Chapter 25. Hegel s Absolute Idealism and the Phenomenology of Spirit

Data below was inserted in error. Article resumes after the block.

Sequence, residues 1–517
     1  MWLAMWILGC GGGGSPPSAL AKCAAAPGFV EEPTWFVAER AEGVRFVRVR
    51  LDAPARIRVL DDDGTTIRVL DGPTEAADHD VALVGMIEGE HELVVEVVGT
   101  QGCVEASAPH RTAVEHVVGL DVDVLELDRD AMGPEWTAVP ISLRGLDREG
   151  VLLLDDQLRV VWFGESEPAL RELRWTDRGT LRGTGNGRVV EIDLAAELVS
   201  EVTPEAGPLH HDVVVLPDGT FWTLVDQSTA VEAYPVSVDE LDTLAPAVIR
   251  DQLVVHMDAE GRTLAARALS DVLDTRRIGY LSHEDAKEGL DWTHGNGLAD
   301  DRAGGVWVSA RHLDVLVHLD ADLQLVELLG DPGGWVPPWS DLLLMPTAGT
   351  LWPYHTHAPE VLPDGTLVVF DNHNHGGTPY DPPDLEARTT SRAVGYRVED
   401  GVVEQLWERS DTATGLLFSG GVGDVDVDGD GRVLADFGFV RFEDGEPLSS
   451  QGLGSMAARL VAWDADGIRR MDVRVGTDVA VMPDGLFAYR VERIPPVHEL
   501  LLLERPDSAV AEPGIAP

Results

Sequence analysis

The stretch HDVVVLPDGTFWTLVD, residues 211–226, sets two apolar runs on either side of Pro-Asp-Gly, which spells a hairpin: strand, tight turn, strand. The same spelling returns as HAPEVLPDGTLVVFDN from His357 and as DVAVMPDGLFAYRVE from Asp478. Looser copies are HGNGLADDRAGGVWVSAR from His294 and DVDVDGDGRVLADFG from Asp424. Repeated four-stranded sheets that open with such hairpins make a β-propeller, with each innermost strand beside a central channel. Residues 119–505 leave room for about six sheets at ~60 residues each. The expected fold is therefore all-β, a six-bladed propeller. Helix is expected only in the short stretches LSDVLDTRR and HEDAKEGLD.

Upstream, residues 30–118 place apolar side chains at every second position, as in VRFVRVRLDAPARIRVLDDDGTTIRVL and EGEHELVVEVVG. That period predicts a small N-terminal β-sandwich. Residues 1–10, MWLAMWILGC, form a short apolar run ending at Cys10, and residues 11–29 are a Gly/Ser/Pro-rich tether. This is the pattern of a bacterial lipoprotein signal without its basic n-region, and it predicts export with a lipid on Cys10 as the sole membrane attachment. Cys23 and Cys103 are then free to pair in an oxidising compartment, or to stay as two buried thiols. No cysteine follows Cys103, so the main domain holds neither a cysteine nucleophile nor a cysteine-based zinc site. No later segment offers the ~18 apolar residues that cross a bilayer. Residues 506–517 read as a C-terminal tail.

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1 Chapter 25 Hegel s Absolute Idealism and the Phenomenology of Spirit Key Words: Absolute idealism, contradictions, antinomies, Spirit, Absolute, absolute idealism, teleological causality, objective mind, universal mind, phenomenology of mind, consciousness, self-consciousness, reason. Hegel s absolute idealism tries to arrive at an all-encompassing theory to bridge the finite with the infinite. He proclaims that, only the whole is real and hence all particular facts and concepts are incomplete and only partially true. Hegel advances a very interesting theory, which considers contradictions as natural. This is contrary to the traditional philosophical views, which considered contradictions as problematic, and something they need to be necessarily avoided. Hegel s new way of thinking suggests that we can take the irrational approach of contradicting ourselves. He thus proposes to resolve the problem of antinomies exposed by the Kantian framework. Kant has shown that pure reason encounters antinomies when it tries to prove things, which are not given to us through the forms of sensibility and the conceptual categories. We thus encounter certain irresolvable contradictions. Kant suggests that to avoid this situation we should keep away from such ventures. He declares the impossibility of metaphysics as a science based on this scenario. Hegel on the other hand approaches reason from a different perspective. He was not prepared to accept the traditional view about the nature of reason, where the latter is conceived as a static faculty. His idealistic view states that cosmic history consists in the life story of spirit or Geist, which is the absolute. He conceived the Geist as rational and hence essentially dynamic. Hegel s idealism asserts that the absolute encompasses everything. In Hegel s own words, everything that from eternity has happened in heaven and earth, the life of God and all the deeds of time are simply the struggles of Spirit to know itself and to find itself. This Spirit is universal and is concrete within itself. As mentioned above the Spirit is a process and hence is dynamic and its 1